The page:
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Supporting action on reducing health inequalities

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Aerial view of crowd connected by lines

Health inequalities in our society

In England today, those in the least deprived areas of the country live around 20 years longer in good health than those in the most deprived areas. This is just one example of the stark differences in health outcomes that exist between different groups and communities in our society.

Health inequalities are systematic, avoidable and unjust. They arise because of the conditions in which we are born, grow, live, work and age, which influence our opportunities for good health and how we think, feel and act. This then shapes our mental health, physical health and wellbeing.

The COVID-19 pandemic has not only brought existing health inequalities into sharp focus, but in some cases, has increased them, through its disproportionate impact on certain population groups. This was clearly demonstrated in PHE’s recent COVID-19 review of disparities in risks and outcomes.

PHE recognises the vital importance of going beyond considering health inequalities in the abstract, instead imbedding consideration of these inequalities at every level of our work. The wide-reaching impact of COVID-19 has rendered this commitment to reducing inequalities more important than ever.

The Health Equity Assessment Tool (HEAT)

PHE has launched the Health Equity Assessment Tool (HEAT) – a framework consisting of a series of questions and prompts, designed to support professionals across the public health system and wider health economy systematically address health inequalities and equity in their work programmes, services or business planning cycles.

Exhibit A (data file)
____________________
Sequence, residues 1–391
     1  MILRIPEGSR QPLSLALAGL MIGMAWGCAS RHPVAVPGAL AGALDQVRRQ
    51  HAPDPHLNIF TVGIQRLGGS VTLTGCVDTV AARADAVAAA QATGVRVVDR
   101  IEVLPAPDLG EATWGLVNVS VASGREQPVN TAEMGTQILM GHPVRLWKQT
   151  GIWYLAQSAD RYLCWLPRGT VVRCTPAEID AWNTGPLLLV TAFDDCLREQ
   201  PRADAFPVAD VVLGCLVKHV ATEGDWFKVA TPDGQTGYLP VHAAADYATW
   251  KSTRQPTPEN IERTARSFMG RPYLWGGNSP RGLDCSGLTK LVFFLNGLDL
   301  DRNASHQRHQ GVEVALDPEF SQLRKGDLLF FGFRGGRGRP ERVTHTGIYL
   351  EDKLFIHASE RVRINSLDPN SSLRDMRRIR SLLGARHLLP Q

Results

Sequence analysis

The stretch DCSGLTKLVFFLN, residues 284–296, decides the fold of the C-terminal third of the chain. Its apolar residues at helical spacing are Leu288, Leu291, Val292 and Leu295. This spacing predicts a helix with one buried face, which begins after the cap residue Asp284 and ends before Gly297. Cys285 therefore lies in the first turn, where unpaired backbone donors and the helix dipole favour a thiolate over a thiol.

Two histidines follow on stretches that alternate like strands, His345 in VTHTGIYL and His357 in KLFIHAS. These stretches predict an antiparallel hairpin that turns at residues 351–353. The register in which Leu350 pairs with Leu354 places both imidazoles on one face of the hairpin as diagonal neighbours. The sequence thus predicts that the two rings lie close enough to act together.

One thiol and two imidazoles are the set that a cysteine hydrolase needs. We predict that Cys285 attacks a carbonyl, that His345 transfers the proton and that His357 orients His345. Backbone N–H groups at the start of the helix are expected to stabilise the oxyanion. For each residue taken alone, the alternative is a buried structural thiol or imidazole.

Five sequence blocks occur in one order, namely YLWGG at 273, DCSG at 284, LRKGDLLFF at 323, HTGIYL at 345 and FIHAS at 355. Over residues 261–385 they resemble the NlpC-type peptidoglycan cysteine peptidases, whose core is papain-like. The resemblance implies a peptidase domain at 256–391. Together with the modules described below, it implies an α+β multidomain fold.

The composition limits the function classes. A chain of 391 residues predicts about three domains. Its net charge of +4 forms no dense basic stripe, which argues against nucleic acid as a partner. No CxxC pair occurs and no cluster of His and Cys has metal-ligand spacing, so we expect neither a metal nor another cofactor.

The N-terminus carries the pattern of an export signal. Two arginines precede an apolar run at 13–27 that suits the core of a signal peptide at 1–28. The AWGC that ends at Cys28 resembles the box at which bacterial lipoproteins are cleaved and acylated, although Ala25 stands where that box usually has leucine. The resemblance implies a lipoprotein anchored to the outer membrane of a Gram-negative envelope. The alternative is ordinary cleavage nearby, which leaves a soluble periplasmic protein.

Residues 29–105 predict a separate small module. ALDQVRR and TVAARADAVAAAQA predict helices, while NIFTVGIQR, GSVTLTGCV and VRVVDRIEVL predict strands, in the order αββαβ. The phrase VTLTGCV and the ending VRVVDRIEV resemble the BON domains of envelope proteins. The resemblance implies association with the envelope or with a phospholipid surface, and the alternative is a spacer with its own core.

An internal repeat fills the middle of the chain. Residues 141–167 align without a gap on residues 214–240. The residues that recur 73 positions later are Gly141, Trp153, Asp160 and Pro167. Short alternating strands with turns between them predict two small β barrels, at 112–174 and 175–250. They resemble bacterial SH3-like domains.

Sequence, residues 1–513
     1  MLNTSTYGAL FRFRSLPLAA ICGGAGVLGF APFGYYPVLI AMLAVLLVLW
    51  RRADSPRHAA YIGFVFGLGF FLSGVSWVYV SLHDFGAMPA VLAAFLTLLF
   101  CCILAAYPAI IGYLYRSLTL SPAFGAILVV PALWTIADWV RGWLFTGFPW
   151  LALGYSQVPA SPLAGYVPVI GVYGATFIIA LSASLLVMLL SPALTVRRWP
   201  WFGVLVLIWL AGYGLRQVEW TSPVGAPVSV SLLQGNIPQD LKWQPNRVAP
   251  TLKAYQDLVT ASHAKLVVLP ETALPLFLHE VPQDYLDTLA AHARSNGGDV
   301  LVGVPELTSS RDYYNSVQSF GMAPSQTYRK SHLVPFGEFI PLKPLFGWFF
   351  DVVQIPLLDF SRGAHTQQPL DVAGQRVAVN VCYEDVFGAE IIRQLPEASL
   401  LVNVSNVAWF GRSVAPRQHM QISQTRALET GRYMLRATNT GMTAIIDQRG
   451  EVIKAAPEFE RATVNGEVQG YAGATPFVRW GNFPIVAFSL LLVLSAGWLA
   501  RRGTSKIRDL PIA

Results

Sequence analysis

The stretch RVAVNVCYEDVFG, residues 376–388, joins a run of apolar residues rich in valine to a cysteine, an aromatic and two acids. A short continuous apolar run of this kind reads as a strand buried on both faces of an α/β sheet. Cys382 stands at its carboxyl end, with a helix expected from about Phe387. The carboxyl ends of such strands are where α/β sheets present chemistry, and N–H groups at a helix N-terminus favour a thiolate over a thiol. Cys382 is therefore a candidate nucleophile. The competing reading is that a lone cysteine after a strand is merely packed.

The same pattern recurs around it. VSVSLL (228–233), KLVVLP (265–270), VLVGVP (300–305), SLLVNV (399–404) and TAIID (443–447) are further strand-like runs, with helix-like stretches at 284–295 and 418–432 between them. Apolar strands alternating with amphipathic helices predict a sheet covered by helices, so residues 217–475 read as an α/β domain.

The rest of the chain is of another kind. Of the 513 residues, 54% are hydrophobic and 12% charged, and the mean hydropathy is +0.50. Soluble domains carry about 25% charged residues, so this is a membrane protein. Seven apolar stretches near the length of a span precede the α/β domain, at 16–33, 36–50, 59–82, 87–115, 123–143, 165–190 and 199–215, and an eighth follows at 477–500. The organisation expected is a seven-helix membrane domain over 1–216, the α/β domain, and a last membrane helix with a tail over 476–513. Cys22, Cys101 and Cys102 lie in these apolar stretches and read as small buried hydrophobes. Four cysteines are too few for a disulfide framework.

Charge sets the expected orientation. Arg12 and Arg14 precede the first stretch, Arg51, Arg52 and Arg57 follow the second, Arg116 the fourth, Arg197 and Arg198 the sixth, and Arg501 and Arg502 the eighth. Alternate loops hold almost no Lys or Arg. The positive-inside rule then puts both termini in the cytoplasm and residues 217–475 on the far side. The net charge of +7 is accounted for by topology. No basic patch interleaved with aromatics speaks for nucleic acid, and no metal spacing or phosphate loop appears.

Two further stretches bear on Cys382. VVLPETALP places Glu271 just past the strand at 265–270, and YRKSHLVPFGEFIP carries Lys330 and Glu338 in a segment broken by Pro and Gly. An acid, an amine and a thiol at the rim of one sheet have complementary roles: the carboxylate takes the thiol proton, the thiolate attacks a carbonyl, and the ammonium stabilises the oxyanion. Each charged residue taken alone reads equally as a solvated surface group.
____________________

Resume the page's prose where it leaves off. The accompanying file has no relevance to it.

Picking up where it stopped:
Screenshot of the Health Equity Assessment Tool

The HEAT provides an easy-to-follow template which can be applied flexibly to suit different work programmes. It has 4 clear stages:

  1. Prepare
  2. Assess
  3. Refine and Apply
  4. Review

The tool can be accessed in a full or simplified format, allowing flexibility for different users. It forms part of a suite of resources, including an interactive e-learning module developed in partnership with Health Education England, and a collection of practice examples demonstrating the benefits of applying HEAT in a number of work programmes or services.

The creation of the HEAT, by PHE’s national Health Inequalities team, was driven by requests from across the system for a robust yet practical and user-friendly assessment that could be used by a range of stakeholders. Its aim is to support action on health inequalities and generate improvements, not only locally but also at a regional and national level.

PHE has also recently developed the Health Equity Audit Guide for Screening Providers and Commissioners. This guidance is designed to be used in conjunction with the full HEAT, but has been tailored to be more specific to issues relevant to screening services.

Practical application of HEAT

Use of HEAT is already making an impact across the country. For example, it was recently applied to Sheffield City Region Weight Loss Management Services. The onset of COVID-19 and social distancing requirements led to significant changes to the delivery of these vital services. HEAT was used to systematically assess the effect of these changes, how any impacts might be disproportionately distributed, and how best to mitigate any negative impacts.

Similarly, HEAT was applied in national antimicrobial resistance (AMR) campaigns. It helped colleagues identify groups who might be unable to access or understand AMR resources, and design a communication process and messaging with a focus towards specific populations. As a result of using HEAT, tackling health inequalities has become firmly embedded in the national AMR programme, contributing to the overall UK AMR national action plan.

We want HEAT to become a key resource for people across the public health system, wider health economy and local authorities, to enable comprehensive assessment of health inequalities within all programmes of work. We hope that in doing so, HEAT will complement the brilliant work already taking place across the country and ultimately, reduce health inequalities and improve lives.

We would welcome your feedback and thoughts on the HEAT, as well as case studies of its application - please send these to

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